1. 4

  2. 1

    Not going to answer on SO because I don’t want to put the work in, but:

    Sure, you could generalize a function by allowing for structural subtypes on contravariant type variables and structural supertypes on covariant type variables, but this is a bad idea. If the user didn’t specifically request that the function work on anything of the right structural type, they probably had a specific semantics in mind that’s unique to the nominal type they did specify.

    1. 1

      It sounds like what you’re describing is similar to how interface types work in Go, although they’re polymorphic only over methods, not fields like in your example. If you have a “struct” (these are C++‘s structs, not C’s structs; they have a vtable attached) like

      type Foo struct {
          Name string

      And a getter:

      func (f Foo) GetName() string {
          return f.Name

      Then you can call this function with a value of type Foo:

      func GetNameFromAnything(thing interface { GetName() string }) string {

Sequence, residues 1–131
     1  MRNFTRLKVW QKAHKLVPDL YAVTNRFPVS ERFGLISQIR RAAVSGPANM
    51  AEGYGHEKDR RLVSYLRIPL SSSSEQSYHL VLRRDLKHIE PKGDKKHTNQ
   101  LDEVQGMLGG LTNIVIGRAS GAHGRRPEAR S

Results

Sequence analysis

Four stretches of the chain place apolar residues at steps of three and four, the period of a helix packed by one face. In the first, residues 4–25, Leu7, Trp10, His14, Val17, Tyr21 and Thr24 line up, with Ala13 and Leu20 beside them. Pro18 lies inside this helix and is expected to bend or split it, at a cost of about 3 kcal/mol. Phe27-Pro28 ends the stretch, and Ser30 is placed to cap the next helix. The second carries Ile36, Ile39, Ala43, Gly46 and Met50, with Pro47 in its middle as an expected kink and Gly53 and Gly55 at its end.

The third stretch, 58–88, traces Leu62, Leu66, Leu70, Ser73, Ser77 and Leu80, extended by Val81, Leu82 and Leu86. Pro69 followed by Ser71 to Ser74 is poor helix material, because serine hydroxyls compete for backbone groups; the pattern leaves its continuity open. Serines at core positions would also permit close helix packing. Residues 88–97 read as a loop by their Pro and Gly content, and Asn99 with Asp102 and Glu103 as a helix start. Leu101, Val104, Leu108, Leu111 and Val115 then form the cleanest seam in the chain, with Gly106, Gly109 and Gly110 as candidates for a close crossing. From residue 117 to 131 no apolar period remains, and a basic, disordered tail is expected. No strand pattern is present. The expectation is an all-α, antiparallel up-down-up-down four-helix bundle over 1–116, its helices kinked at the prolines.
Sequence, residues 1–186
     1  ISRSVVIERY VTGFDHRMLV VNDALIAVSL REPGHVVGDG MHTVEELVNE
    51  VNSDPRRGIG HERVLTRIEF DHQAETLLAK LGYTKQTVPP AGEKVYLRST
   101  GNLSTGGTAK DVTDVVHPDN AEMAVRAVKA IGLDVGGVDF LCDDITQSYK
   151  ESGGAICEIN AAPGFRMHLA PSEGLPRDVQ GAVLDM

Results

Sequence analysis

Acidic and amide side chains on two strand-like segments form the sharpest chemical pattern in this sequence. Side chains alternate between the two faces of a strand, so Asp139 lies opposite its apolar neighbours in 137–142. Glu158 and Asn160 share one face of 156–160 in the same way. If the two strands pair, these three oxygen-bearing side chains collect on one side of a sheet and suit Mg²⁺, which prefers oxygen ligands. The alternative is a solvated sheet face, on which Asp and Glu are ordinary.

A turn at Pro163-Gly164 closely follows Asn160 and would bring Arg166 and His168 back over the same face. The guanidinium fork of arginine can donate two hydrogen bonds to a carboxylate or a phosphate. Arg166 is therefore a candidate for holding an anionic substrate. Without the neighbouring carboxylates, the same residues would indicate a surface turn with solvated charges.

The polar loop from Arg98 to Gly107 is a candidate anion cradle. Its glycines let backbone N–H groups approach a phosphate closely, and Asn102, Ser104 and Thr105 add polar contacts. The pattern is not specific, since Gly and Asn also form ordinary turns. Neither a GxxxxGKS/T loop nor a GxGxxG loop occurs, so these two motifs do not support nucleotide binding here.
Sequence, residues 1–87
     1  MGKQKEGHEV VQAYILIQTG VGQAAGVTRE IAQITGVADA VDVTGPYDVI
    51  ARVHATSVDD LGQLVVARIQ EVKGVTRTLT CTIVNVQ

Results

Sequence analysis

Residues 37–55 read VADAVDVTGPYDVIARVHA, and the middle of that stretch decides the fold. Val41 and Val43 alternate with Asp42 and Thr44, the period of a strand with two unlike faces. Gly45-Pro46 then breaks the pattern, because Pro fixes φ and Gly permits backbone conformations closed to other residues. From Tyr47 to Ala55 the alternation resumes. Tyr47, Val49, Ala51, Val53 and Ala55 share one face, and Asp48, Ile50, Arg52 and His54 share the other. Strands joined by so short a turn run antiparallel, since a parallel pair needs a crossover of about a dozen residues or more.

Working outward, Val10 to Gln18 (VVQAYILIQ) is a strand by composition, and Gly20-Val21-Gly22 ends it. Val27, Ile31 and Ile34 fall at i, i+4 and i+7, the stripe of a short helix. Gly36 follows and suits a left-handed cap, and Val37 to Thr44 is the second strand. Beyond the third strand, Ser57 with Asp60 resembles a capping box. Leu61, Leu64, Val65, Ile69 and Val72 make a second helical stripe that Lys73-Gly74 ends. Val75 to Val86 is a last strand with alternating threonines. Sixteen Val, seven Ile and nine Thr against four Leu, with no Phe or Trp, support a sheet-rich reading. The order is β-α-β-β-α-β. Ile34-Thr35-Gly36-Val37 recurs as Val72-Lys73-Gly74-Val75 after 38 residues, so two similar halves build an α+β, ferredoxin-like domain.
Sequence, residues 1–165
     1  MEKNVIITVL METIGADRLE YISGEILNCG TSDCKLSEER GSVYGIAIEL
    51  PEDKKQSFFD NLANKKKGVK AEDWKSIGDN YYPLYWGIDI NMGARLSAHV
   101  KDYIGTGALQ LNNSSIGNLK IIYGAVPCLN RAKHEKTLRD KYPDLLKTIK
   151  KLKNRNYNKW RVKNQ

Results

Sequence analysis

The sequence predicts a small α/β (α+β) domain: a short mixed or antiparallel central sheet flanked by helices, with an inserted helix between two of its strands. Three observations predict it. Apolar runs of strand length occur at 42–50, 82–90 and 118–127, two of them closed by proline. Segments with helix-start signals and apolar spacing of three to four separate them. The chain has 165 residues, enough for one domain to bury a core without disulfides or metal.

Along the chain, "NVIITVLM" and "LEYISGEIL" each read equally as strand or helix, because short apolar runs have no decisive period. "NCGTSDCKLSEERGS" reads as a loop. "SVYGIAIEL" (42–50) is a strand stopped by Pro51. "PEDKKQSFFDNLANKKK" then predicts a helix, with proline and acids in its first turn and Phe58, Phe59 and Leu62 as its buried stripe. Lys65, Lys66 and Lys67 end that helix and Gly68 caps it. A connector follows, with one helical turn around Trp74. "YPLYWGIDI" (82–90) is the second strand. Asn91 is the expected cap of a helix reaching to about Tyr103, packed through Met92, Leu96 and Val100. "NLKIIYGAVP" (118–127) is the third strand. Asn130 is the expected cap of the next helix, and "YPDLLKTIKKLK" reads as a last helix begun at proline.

return thing.GetName();

      Like this:

      func main() {
          f := Foo{Name: "maxhallinan"}
          fmt.Printf("%s\n", GetNameFromAnything(f));

      Go is almost statically duck-typed; you can, in-line, say “this method takes anything that can give me its name,” et voila. The biggest downside, I think, and the biggest difference between what you asked in your question and Go, is that access to these members is mediated through a vtable. Because vtables only contain methods in Go, you have to write getters for the things you want to be able to access through interfaces, so there’s no true way to say “this method takes anything that has a field called Name on it”.